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New guideline for prescribing opioid pain drugs published

A national panel of pain management experts representing the American Pain Society (APS) and the American Academy of Pain Medicine (AAPM) has published the first comprehensive, evidence-based clinical practice guideline to assist clinicians in prescribing potent opioid pain medications for patients with chronic non-cancer pain. The long-awaited guideline appears in the current issue of The Journal of Pain,

To create this guideline, researchers in the Oregon Evidence-based Practice Center (EPC) at Oregon Health & Science University collaborated with the APS and AAPM for two years, reviewing more than 8,000 published abstracts and nonpublished studies to assess clinical evidence on which the new recommendations are based.

"This guideline was a true multidisciplinary effort that sought to address in a balanced manner the many challenging issues that clinicians face with regard to when and how to prescribe opioids for chronic noncancer pain," said Roger Chou, M.D., principal investigator; director of the American Pain Society Clinical Practice Guidelines Program; scientific director of the Oregon Evidence-Based Practice Center at OHSU; and associate professor of medical informatics and clinical epidemiology, and medicine (general internal medicine and geriatrics) in the OHSU School of Medicine.

"A key part of this process was performing a comprehensive literature review to inform the recommendations though an important take-home message is that even though the recommendations represent the best judgment of the panel based on the currently available literature, there is still a lot of research that needs to be done."

The expert panel concluded that opioid pain medications are safe and effective for carefully selected, well-monitored patients with chronic non-cancer pain. They made 25 specific recommendations and achieved unanimous consensus on nearly all.

Opioid prescribing has increased significantly due to growing professional acceptance that the drugs can relieve chronic non-cancer pain, and the guideline acknowledges there are widespread concerns about increases in prescription opioid abuse, addiction and diversion.

Opioids, such as morphine, oxycodone, oxymorphone and fentanyl are potent analgesics. They traditionally have been used to relieve pain following surgery, from cancer and at the end of life. Today opioids are used widely to relieve severe pain caused by chronic low-back injury, accident trauma, crippling arthritis, sickle cell, fibromyalgia, and other painful conditions.

Prior to initiating chronic opioid therapy, the guideline advises clinicians to determine if the pain can be treated with other medications. If opioids are appropriate, the clinician should conduct a thorough medical history and examination and assess potential risk for substance abuse, misuse or addiction.

Diligent Patient Monitoring Is Essential

A key recommendation urges clinicians to continuously assess patients on chronic opioid therapy by monitoring pain intensity, level of functioning and adherence to prescribed treatments. Periodic drug screens should be ordered for patients at risk for aberrant drug behavior.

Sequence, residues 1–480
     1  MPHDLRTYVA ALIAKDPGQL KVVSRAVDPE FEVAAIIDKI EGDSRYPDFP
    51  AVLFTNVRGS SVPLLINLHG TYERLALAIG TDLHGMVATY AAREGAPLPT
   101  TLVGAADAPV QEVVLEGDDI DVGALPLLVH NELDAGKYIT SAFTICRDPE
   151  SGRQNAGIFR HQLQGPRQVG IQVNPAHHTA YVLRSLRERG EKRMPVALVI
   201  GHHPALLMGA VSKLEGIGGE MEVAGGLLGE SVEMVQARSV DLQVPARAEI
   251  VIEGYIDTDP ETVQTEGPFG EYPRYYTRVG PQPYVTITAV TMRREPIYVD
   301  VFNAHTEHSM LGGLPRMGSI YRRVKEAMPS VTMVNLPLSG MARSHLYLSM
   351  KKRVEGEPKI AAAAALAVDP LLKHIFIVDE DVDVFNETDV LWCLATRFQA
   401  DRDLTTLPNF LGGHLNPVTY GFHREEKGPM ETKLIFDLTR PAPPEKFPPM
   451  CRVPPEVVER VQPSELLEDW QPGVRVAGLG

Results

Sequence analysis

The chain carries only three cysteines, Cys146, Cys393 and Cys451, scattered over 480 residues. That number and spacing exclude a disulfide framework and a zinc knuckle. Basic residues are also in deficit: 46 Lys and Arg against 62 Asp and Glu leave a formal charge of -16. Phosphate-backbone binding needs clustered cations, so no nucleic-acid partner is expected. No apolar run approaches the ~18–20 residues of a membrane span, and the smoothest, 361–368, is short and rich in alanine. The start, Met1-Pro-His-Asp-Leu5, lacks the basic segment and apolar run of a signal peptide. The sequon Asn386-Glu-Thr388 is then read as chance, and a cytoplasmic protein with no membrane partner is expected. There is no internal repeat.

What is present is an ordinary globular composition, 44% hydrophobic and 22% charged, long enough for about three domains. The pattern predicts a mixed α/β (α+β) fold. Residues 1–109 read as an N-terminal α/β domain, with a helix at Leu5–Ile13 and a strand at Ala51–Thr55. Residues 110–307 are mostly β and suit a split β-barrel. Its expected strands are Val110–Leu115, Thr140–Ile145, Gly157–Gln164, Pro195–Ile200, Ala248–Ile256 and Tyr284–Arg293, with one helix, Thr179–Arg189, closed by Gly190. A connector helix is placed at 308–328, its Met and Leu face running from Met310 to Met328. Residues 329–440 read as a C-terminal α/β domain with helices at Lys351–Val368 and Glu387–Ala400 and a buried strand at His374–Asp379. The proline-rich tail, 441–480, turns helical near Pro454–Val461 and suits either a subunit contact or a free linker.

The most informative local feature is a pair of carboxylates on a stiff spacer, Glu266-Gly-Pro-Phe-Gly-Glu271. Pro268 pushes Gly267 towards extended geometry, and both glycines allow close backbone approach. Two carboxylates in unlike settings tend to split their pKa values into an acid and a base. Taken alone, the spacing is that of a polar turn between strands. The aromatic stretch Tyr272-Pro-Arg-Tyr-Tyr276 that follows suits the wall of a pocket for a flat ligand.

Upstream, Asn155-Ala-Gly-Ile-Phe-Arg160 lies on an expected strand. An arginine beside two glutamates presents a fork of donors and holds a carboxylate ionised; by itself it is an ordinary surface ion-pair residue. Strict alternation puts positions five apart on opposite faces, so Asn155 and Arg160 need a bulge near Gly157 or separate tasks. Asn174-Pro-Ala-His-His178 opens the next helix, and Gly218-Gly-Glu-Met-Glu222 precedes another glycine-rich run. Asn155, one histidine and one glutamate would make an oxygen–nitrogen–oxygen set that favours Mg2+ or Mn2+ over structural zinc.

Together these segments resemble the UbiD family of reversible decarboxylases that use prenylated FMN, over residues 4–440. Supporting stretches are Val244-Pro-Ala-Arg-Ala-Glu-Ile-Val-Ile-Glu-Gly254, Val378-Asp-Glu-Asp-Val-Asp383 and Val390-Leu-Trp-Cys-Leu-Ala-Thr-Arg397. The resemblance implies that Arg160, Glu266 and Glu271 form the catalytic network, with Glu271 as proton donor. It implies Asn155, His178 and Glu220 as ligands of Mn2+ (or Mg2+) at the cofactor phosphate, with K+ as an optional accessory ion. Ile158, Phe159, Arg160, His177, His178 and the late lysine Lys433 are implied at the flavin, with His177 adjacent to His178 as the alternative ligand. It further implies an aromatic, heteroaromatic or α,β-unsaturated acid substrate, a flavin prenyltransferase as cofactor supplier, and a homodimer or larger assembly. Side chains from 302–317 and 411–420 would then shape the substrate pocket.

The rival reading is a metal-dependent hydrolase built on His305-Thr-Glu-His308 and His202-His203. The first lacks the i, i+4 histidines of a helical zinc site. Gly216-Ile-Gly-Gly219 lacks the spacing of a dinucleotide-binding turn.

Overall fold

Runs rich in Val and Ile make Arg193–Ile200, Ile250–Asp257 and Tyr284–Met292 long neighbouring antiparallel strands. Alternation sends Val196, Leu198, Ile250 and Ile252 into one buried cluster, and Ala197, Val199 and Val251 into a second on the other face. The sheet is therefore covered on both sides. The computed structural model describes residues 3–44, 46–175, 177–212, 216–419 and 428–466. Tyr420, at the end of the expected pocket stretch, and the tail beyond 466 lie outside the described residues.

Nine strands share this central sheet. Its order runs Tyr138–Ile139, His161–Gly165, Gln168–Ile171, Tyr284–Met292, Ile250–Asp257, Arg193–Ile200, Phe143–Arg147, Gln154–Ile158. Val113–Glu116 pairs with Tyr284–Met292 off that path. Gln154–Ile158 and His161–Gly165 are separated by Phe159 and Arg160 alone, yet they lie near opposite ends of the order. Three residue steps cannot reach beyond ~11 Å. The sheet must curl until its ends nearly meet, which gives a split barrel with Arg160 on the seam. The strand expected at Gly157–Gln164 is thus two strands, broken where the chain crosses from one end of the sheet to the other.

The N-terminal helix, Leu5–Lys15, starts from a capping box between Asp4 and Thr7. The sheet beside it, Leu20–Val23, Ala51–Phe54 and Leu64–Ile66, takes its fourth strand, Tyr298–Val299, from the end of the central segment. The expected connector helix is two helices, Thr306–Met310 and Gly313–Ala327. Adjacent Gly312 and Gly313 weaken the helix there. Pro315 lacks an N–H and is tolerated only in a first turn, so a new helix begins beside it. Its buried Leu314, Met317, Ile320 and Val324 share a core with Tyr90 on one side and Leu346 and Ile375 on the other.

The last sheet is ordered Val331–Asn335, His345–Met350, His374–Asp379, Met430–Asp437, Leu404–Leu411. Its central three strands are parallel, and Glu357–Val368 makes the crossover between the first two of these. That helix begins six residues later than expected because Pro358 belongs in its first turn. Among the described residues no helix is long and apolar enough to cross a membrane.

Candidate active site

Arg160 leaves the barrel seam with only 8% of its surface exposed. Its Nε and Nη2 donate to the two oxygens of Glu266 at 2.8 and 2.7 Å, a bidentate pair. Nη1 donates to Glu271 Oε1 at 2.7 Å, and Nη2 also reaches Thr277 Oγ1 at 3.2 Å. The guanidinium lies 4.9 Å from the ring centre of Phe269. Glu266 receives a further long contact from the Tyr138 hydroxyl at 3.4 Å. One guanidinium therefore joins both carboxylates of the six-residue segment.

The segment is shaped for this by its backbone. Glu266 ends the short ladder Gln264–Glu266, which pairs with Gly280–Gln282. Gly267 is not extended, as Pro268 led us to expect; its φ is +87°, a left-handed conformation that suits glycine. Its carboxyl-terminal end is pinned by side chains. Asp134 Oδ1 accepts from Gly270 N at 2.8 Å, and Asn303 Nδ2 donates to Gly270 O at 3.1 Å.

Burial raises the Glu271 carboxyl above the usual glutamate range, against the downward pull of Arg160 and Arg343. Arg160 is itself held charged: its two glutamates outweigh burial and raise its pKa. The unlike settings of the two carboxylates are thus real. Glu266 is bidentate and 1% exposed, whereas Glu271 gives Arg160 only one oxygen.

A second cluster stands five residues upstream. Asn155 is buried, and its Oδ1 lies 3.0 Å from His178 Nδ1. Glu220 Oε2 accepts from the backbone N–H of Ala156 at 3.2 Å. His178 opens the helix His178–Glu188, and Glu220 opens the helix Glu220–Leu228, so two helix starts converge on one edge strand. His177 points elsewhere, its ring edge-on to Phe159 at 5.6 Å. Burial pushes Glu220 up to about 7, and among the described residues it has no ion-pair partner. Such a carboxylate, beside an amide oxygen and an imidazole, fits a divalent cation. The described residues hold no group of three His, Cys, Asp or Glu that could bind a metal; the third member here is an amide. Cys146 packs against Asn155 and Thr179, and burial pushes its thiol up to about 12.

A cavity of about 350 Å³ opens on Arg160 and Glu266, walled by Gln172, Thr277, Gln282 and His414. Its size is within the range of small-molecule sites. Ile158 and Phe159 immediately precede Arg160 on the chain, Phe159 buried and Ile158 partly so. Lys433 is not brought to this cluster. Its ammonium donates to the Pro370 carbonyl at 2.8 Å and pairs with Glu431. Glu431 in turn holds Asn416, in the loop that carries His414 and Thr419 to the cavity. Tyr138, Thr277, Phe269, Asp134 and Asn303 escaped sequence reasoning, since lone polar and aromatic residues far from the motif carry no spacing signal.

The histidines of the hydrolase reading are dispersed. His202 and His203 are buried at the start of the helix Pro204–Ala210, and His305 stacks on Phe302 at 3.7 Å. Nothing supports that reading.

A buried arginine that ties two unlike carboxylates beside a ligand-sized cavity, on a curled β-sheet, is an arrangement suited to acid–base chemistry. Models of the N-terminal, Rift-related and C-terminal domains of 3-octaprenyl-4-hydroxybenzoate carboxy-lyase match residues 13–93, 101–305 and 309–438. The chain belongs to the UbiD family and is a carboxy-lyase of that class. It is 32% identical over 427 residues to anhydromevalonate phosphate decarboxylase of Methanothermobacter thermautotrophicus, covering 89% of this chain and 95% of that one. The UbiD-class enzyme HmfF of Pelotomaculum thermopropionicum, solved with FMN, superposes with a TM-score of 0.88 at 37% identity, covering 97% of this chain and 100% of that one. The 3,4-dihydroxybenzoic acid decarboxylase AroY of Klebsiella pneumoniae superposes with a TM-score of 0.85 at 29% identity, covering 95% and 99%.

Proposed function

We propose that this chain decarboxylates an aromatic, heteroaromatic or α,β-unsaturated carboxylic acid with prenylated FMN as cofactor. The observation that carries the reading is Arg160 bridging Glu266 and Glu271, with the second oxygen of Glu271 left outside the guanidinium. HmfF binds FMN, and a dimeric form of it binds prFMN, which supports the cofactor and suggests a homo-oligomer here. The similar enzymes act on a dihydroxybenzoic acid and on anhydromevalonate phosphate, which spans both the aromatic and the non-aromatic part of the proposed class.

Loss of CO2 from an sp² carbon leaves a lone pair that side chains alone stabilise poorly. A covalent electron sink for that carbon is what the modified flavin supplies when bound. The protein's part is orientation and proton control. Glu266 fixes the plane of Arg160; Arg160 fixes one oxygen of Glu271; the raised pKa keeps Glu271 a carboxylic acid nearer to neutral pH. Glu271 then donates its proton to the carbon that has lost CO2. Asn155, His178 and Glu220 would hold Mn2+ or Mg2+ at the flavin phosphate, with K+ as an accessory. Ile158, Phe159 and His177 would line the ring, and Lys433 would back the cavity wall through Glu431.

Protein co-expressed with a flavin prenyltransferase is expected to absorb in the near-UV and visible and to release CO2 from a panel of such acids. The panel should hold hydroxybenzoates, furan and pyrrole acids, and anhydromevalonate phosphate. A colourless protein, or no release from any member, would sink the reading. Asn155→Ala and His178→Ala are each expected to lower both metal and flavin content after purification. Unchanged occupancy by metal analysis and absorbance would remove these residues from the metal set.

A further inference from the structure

Other recommendations in the APS/AAPM clinical practice guideline include:

  • Methadone: Use of methadone for pain management has increased dramatically but few trials have evaluated its benefits and harms for treatment of chronic non-cancer pain. Methadone, therefore, should be started at low doses and titrated slowly. Because of its long half-life and variable pharmacokinetics, the panel recommends methadone not be used to treat breakthrough pain or as an as-needed medication.

  • Abusers: Chronic opioid therapy must be discontinued in patients known to be diverting their medication or in those engaging in serious aberrant behaviors.

  • Breakthrough Pain: As-needed opioids can be prescribed based on initial and ongoing analysis of therapeutic benefit versus risk.

  • High Doses: Patients who need high doses of opioids (200 mg daily of morphine or equivalent) should be evaluated for adverse events on an ongoing basis, and clinicians should consider rotating pain medications when patients experience intolerable side effects or inadequate benefit despite appropriate dose increases.

  • Driving and Work Safety: Patients should be educated about the greater risk for impairment when starting chronic opioid therapy and counseled not to drive or engage in potentially dangerous work if impaired.

  • Pregnancy: Clinicians should counsel women about risks of opioids in pregnancy and encourage minimal or no use of chronic opioid therapy unless potential benefits outweigh risks.

The guideline on opioid therapy for chronic non-cancer pain is the first such collaboration between APS and AAPM. It is the sixth evidenced-based, pain management clinical practice guideline published by APS. Others have covered sickle-cell disease, arthritis, cancer, fibromyalgia, and low back pain.


Contact: Tamara Hargens-Bradley
Oregon Health & Science University

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